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Revealing the Secrets of Self-Documenting Code Svetlin Nakov Telerik Corporation www.telerik.com.

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Presentation on theme: "Revealing the Secrets of Self-Documenting Code Svetlin Nakov Telerik Corporation www.telerik.com."— Presentation transcript:

1 Revealing the Secrets of Self-Documenting Code Svetlin Nakov Telerik Corporation

2 1. The Concept of Self-Documenting Code 2. Bad Comments 3. Good Programming Style 4. To Comment or Not to Comment? 5. Key Points commenting 6. Recommended practices 2

3 The Concept of Self-Documenting Code

4  Consists of information both inside the source- code listings and outside them  External construction documentation tends to be at a high level compared to the code  At a low level compared to the documentation from problem definition, requirements, and architecture 4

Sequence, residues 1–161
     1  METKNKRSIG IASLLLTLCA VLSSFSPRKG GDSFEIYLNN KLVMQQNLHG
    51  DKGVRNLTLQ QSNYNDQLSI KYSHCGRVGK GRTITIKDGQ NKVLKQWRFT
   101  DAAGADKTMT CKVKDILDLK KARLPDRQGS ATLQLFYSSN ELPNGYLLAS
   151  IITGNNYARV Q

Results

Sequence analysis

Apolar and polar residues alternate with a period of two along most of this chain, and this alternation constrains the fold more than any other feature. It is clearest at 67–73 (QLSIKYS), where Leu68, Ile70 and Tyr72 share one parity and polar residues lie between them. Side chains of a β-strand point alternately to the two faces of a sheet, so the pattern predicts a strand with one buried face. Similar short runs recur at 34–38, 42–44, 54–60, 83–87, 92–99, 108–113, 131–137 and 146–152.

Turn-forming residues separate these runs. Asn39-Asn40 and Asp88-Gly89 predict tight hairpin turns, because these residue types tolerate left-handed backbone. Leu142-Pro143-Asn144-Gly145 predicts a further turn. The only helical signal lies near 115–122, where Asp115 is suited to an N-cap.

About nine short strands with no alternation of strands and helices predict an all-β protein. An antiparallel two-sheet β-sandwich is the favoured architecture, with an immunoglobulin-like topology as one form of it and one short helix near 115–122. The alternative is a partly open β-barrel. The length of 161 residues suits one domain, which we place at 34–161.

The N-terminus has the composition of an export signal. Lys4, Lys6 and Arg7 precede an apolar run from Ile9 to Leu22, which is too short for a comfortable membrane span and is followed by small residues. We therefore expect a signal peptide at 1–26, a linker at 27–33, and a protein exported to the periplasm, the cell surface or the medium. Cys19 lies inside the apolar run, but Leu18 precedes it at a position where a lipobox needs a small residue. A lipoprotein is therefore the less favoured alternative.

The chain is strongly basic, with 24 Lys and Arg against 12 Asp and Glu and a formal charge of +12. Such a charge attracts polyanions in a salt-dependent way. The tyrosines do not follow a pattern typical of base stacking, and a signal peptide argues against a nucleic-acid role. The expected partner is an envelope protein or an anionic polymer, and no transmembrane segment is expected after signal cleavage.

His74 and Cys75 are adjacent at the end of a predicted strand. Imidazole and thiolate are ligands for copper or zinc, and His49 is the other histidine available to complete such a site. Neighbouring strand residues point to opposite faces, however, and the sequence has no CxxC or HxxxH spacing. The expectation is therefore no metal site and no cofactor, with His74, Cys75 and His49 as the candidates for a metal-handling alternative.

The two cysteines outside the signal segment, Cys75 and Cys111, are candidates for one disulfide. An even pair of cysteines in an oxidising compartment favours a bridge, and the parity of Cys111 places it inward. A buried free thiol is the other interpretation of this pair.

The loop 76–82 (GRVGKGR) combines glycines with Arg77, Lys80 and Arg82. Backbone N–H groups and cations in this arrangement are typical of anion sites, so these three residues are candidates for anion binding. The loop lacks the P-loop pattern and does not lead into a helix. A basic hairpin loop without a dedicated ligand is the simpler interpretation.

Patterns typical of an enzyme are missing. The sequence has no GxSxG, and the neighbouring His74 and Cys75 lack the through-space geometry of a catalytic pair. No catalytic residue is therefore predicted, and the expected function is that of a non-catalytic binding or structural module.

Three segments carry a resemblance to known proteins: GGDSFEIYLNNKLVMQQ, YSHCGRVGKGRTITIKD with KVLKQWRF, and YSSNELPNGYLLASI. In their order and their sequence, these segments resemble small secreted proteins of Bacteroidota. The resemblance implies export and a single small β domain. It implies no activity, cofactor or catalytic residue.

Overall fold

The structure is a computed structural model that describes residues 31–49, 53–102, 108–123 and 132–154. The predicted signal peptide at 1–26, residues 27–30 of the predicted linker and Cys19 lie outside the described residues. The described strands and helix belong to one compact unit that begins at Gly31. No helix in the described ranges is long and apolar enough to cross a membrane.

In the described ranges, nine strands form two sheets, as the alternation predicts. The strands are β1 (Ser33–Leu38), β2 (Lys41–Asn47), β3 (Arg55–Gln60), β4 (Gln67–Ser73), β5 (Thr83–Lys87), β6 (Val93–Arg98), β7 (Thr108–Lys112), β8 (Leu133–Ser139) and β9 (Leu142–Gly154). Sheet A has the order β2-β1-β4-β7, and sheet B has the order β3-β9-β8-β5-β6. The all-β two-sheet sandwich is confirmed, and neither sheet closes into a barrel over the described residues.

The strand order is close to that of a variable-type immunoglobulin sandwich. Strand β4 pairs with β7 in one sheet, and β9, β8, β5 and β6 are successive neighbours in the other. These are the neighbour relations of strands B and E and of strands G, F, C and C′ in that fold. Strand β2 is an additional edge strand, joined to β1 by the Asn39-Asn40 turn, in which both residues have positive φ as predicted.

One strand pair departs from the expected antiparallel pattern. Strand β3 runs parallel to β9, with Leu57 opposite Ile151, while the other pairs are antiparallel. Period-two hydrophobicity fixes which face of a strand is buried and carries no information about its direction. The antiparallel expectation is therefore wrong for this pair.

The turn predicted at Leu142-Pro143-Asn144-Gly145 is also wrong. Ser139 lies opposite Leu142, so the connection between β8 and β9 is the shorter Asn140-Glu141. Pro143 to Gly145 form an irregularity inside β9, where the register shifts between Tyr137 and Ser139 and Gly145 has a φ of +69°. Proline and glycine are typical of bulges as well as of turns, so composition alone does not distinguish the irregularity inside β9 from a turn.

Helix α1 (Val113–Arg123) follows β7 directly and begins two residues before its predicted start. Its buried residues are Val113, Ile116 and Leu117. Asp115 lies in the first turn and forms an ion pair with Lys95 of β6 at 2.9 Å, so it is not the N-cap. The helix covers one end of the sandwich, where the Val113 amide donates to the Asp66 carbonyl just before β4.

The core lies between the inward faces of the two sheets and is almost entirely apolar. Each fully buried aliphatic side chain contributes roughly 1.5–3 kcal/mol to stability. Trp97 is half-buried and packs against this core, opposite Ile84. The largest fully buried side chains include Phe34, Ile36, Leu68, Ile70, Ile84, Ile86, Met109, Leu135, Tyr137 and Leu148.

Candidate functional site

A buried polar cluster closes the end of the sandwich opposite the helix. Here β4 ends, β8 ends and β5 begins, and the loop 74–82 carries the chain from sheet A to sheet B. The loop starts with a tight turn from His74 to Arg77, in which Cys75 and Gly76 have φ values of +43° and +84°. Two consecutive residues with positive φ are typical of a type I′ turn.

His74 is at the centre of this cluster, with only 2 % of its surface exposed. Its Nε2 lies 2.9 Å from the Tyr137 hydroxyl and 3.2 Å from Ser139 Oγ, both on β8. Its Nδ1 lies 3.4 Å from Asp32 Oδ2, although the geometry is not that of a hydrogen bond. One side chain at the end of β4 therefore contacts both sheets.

5  Main contributor to code-level documentation  Program structure  Straight-forward and easily understandable approaches  Good naming approach  Clear layout and minimized complexity 5

6 6 public static List FindPrimes(int start, int end) { // Create new list of integers // Create new list of integers List primesList = new List (); List primesList = new List (); // Perform a loop from start to end // Perform a loop from start to end for (int num = start; num <= end; num++) for (int num = start; num <= end; num++) { // Declare boolean variable, initially true // Declare boolean variable, initially true bool prime = true; bool prime = true; // Perform loop from 2 to sqrt(num) // Perform loop from 2 to sqrt(num) for (int div = 2; div <= Math.Sqrt(num); div++) for (int div = 2; div <= Math.Sqrt(num); div++) { // Check if div divides num with no remainder // Check if div divides num with no remainder if (num % div == 0) if (num % div == 0) { // We found a divider -> the number is not prime // We found a divider -> the number is not prime prime = false; prime = false; // Exit from the loop // Exit from the loop break; break; } (continues on the next slide)